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Lloyd Sealy Library
John Jay College of Criminal Justice

Art and Artists: Finding Art Images

Resources on Art History and Art Museums in NYC, based on the course offerings in the Art and Music Department at John Jay College, by Ellen Belcher

Looking for Images of Art

Many museums are making their collections freely available to the public via the museum websites. Many of these are also open access so without copyright and usable for any purpose. It is advisable to cite the source of any image you insert into your paper or publication, including Artist, name of work, museum and website where it was obtained.

If the image is designated as copyrighted, you must ask permission before publishing it. Museums and other institutions will often allow permission and provide hi res files for no or low cost, as opposed to stock image companies such as Art Resource or Getty Images/Corbis, who often charge much larger fees, but offer a quick turn around and image researching services.

Rijksstudio from the Rijksmuseum, Amsterdam

The Rijks Museum in Amsterdam has made most of their collections available freely online.

Users can explore the entire collection, which is handily sorted by artist, subject, style and even by events in Dutch history

Art Resources from the Mid Twentieth Century

Art Resources from the Mid-20th Century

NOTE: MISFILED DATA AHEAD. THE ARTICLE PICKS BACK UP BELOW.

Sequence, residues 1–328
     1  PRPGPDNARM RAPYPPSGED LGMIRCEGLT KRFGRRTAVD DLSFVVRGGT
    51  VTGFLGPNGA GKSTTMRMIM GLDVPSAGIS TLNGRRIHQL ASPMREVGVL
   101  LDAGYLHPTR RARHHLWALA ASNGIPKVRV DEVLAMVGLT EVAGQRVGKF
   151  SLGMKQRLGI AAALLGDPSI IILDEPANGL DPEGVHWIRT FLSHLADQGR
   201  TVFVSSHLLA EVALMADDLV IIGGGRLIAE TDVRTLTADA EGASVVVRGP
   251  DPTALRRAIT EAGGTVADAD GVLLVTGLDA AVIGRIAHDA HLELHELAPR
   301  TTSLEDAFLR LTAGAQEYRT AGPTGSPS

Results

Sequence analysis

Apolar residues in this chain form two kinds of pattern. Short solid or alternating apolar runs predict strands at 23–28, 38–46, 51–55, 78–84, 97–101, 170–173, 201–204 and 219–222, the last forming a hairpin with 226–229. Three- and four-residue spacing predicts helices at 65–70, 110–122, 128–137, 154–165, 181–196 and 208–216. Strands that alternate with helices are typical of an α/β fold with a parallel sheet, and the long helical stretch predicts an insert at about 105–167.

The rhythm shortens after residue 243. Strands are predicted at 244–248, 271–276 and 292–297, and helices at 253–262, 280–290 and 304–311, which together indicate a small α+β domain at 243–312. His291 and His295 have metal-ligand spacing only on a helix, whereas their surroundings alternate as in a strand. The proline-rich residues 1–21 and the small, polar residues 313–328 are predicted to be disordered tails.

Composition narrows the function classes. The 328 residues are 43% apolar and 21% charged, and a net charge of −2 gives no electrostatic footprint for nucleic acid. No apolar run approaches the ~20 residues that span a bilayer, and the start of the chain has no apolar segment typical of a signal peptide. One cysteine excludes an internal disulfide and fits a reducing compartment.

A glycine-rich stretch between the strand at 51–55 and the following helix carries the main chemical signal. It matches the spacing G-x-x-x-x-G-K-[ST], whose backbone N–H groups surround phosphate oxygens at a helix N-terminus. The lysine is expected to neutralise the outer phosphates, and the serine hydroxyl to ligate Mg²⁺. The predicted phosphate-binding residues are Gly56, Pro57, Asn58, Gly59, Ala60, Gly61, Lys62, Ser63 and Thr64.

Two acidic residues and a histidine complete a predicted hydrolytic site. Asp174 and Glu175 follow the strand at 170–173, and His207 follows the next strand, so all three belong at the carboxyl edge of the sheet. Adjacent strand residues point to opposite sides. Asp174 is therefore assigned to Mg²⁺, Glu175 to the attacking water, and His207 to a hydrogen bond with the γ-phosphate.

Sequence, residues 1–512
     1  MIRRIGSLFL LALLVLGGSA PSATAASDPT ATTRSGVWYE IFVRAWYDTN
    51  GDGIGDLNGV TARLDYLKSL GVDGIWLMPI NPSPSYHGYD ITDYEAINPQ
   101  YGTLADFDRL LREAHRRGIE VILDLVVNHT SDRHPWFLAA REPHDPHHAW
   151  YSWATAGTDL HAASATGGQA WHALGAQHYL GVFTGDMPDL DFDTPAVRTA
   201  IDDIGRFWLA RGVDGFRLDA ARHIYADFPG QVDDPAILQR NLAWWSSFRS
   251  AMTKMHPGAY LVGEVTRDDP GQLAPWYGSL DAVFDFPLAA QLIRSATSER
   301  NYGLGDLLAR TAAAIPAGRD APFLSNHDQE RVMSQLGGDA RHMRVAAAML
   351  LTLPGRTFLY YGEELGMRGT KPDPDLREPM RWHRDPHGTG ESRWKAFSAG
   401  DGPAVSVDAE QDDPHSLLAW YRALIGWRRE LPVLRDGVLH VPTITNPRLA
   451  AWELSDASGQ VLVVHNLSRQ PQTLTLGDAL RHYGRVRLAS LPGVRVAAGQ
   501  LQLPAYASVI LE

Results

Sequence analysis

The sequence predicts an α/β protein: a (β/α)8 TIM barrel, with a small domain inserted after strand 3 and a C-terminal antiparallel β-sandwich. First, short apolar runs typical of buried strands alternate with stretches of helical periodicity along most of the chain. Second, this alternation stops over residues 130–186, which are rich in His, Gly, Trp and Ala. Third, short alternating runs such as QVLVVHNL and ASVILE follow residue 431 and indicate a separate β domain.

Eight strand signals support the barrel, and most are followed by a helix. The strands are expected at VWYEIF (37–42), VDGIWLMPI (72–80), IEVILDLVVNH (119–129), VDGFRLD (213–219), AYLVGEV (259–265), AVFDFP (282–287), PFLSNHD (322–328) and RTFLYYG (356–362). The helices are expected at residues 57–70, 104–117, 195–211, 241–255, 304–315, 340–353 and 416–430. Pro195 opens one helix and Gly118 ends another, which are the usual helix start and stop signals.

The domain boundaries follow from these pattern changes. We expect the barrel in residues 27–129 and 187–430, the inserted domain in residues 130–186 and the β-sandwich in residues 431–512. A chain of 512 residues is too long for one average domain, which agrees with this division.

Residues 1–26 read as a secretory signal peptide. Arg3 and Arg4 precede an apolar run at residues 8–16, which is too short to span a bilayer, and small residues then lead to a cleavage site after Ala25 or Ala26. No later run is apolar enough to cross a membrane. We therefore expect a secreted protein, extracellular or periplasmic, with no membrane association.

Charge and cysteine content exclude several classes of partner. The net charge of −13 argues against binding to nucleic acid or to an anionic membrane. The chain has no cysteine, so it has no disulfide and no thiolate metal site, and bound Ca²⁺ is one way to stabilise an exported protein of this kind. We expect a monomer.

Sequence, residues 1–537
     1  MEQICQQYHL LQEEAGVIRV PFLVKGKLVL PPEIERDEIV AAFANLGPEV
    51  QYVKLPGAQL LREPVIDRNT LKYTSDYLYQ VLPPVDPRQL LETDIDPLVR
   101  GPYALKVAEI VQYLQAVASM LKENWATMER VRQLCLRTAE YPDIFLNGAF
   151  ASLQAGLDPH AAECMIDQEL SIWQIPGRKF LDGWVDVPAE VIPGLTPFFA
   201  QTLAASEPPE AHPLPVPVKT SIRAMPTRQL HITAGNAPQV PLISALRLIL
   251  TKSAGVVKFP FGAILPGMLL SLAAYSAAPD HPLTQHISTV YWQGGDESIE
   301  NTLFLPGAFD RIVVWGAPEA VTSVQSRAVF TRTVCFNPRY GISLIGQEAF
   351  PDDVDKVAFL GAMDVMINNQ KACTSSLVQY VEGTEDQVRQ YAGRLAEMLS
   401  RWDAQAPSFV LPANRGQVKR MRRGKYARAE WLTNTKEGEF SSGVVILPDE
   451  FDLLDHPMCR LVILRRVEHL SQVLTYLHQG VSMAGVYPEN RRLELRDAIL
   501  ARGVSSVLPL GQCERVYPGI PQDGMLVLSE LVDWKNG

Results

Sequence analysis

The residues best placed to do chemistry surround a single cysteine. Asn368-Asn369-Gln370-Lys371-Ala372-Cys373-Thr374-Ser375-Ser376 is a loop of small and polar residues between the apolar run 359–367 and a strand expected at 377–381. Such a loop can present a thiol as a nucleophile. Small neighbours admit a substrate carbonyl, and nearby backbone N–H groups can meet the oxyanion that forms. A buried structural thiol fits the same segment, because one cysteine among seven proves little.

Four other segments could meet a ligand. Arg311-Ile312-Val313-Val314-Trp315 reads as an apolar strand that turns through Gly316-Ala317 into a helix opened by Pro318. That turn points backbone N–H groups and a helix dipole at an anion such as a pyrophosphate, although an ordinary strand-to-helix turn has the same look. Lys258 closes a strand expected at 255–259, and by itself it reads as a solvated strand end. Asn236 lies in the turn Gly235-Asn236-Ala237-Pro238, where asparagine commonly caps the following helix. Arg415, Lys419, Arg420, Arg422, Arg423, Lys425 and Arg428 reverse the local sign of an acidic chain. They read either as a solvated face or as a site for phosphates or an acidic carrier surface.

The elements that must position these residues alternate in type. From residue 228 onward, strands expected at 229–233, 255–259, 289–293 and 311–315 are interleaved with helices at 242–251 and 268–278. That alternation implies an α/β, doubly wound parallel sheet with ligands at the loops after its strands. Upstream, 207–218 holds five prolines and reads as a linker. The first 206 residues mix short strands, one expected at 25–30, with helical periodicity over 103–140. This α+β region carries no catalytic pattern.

from the website:

This collaborative project between the Solomon R. Guggenheim Museum and the Whitney Museum of American Art, presents digitized highlights from the personal libraries of Hilla Rebay and Juliana Force, the museums respective inaugural directors.

The Solomon R. Guggenheim Museum and the Whitney Museum of American Art have each played a key role in shaping New York’s vital cultural landscape, contributing significantly to the history of art and culture in the United States. Both founded in the 1930s, these museums were also each initially led by women—the Guggenheim, then the Museum of Non-Objective Painting, by Hilla Rebay and the Whitney by Juliana Force—who served as inaugural directors. Each woman acquired a considerable library during her tenure, collecting materials ranging from the uncommon (gallery announcements from New York and beyond, as well as rare and unusual periodicals and books) to the required reading of the day (exhibition catalogs and major monographs on contemporary artists). These important resources influenced the two women, who in turn influenced the vision and development of their respective institutions, which remain integral to the city’s cultural life today.

Working in partnership to make Rebay and Force’s personal libraries more widely available, the Guggenheim Library and Whitney Library digitized key material from each. The digitized selections, which are displayed together on the Internet Archive to highlight their commonalities and differences, are of special interest to curators, art historians, and other researchers and scholars, including those focusing on museum studies, women’s studies, and the history of New York City.

Digitized publications from both libraries can be found on the Art Resources Project Page at the Internet Archive with highlights from Hilla Rebay’s collection shown below.